Sandy Jardine: Rangers, Hearts and Scotland great dies aged 65
Former Rangers, Hearts and Scotland defender Sandy Jardine has died at the age of 65.
Rangers confirmed that Jardine had lost an 18-month battle against cancer on Thursday evening.
He was part of their European Cup Winners' Cup-winning team of 1972 and played 38 times for his country.
Ibrox manager Ally McCoist said everyone at Rangers was devastated at the loss of "a legend" and "a great man".
And the club said their thoughts were with his wife Shona, children Steven and Nicola, his grandchildren and friends.
Hearts also extended their condolences to his family, with the Tynecastle club adding they were deeply saddened at the death of a club legend.
Edinburgh-born Jardine began his career with Rangers in 1965 and went on to make over 600 appearances for the Ibrox side.
As well as playing in the club's European triumph in 1972, the full-back won three top-flight titles, five Scottish Cups and five Scottish League Cups with Rangers.
A move to Hearts followed in 1982 and, along with former Rangers team-mate Alex MacDonald, he was joint-manager at Tynecastle between 1986 and 1988.
Under their command, the Edinburgh club lost out on the Scottish title on the final day of the 1985-86 season, Celtic taking advantage of Hearts' defeat at Dundee to pip them to the crown.
Jardine's on-field contribution that term was such, though, that he was named Scotland's player of the year for the second time at the age of 37. The honour came 11 years after he first won the award.
After his playing career ended, he returned to work for Rangers in various roles. In November 2012, it was confirmed Jardine was being treated for cancer.
"He was respected not only by Rangers fans but also the wider football community and he is a huge loss to the game," McCoist said on Rangers' website.
"I had the privilege of watching Sandy playing for Rangers when I was a young boy, I had enjoyed the pleasure of working with him closely since I returned to the club in 2007 and he was a truly remarkable human being.
"His achievements both on and off the pitch are second to none and I was honoured to regard him as a friend.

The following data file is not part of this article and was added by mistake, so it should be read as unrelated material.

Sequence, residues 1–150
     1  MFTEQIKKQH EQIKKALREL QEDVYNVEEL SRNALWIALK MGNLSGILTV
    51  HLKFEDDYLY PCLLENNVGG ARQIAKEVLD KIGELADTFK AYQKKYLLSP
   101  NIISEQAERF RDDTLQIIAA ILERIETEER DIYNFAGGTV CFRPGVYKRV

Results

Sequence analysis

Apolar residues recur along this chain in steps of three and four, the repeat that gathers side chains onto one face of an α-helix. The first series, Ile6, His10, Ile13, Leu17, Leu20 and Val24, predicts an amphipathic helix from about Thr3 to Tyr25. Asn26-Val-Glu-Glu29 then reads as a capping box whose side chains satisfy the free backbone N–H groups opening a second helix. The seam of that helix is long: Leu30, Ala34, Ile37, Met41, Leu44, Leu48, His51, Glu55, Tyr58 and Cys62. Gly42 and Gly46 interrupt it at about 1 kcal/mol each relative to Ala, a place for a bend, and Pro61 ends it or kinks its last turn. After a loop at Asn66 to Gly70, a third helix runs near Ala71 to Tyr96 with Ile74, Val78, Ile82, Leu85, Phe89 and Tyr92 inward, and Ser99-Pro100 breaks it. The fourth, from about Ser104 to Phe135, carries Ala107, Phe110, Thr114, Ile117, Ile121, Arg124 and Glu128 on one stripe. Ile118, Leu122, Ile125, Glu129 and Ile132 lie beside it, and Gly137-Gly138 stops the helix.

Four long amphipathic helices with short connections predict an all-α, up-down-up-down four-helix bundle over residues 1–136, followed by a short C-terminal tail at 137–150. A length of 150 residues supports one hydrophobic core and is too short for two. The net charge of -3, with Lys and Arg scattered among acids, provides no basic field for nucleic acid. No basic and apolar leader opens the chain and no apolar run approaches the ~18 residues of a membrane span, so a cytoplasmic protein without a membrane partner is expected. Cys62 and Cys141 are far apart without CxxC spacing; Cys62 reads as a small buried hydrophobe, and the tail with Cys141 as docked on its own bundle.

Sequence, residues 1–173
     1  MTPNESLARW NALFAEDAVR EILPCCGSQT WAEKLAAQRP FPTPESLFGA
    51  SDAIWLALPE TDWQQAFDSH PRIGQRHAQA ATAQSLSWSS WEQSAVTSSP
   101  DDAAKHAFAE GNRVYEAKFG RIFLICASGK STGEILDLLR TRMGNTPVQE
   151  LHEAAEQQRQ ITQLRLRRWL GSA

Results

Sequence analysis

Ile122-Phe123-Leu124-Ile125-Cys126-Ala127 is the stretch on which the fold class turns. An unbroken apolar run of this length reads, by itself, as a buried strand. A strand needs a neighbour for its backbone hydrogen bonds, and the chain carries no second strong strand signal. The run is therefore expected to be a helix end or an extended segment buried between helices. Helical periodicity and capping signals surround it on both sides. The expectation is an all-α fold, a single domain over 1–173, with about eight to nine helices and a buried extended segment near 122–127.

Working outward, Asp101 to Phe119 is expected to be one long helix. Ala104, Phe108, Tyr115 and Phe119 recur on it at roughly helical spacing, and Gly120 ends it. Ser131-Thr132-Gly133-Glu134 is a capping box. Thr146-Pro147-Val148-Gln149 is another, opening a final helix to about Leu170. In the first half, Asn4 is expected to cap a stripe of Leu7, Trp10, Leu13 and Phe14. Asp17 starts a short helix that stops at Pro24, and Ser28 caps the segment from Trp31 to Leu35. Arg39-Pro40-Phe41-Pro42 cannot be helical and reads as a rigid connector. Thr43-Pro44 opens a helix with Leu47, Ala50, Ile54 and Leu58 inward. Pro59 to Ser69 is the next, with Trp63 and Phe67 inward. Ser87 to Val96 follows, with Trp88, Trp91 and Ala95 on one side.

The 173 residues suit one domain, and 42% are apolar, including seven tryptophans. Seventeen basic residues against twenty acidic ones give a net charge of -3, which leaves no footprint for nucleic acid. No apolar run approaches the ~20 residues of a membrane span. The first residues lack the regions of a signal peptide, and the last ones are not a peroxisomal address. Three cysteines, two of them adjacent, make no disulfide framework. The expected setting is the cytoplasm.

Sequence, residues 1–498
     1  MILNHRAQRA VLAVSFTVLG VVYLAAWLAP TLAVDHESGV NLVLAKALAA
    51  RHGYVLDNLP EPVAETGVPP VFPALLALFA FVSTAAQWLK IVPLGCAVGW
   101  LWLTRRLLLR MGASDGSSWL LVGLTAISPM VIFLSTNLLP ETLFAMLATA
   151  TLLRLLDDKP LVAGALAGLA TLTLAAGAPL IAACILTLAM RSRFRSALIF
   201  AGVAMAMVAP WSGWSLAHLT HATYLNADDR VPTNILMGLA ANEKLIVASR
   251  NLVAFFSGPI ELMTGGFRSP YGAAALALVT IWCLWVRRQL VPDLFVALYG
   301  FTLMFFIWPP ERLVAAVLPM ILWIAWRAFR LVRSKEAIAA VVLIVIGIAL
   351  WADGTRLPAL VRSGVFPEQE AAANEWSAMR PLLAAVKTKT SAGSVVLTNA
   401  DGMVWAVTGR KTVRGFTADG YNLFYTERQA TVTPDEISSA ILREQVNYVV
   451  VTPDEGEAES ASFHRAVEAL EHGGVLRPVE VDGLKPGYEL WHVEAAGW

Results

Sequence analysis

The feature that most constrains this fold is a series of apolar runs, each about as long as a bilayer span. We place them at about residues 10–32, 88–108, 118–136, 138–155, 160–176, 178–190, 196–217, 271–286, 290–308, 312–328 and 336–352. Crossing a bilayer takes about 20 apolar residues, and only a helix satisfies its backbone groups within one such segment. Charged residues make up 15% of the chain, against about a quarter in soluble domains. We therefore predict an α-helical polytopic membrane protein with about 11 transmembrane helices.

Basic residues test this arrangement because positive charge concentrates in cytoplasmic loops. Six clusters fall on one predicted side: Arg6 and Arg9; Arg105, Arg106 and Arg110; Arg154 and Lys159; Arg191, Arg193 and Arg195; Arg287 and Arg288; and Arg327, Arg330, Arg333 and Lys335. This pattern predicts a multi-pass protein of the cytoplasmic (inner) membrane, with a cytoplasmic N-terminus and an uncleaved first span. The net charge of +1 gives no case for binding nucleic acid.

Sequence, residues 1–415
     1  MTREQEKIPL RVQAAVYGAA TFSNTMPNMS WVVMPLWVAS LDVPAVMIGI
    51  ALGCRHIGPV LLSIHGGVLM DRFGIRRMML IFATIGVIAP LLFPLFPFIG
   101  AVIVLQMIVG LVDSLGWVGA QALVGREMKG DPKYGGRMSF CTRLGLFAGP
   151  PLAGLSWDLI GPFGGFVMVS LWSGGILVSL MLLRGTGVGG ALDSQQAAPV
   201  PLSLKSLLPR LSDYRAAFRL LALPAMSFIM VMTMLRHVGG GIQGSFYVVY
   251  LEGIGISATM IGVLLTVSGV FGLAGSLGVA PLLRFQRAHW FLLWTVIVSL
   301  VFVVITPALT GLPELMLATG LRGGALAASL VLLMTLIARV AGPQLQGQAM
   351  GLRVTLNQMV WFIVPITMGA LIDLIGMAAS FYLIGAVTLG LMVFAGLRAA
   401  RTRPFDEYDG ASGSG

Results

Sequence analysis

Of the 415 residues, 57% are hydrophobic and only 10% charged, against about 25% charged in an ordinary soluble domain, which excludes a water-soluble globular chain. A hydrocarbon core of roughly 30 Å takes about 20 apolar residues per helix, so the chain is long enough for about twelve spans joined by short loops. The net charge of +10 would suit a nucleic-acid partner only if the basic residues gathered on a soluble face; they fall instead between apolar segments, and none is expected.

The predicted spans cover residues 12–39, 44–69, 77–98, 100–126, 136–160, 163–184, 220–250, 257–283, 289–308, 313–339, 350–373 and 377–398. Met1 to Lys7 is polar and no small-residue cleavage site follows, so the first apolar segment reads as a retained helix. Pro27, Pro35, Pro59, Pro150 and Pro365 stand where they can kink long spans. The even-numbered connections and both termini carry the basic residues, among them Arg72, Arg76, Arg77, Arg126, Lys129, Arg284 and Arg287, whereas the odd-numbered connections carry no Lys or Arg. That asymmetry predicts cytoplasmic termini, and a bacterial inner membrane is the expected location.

"He gave everything for this great club and worked tirelessly in a number of roles because he wanted to ensure the traditions, history and standards at Rangers were maintained.
"He recently told me he was proud to be a Ranger and wanted to be remembered forever as a Ranger. Well Sandy, you will go down in history as one of the greatest of all time and we will miss you terribly."
During his time at Ibrox, Jardine was a team-mate of Sir Alex Ferguson. The former Manchester United manager and his wife, Cathy, added their own tribute.
"From Cathy and I, this is some of the worst news we have heard," he said. "Sandy was a noble and courageous man.
"The respect he is held in at Rangers is immense. He was one of the greatest players ever to wear the jersey. To Shona and family, we express our sympathy and sadness."
Jardine's international career spanned nine years and included appearances at the 1974 and 1978 World Cup tournaments. He captained his country on nine occasions.
Campbell Ogilvie, the Scottish FA President, added his condolences. "I am extremely saddened by the news of Sandy's passing," he said.
"I have known him for more than 40 years and found him to be as warm and courteous off the field as he was reliable and elegant on it.
"As well as being a talisman for both Rangers and Heart of Midlothian during an illustrious and enduring playing career, he was also a terrific servant to the Scotland national team."
Celtic chief executive Peter Lawwell also paid tribute to Jardine. "This is absolutely devastating news," he said.
"He was a very fine man and it was a privilege to know him. Sandy was widely respected across the game and he will be sadly missed by us all."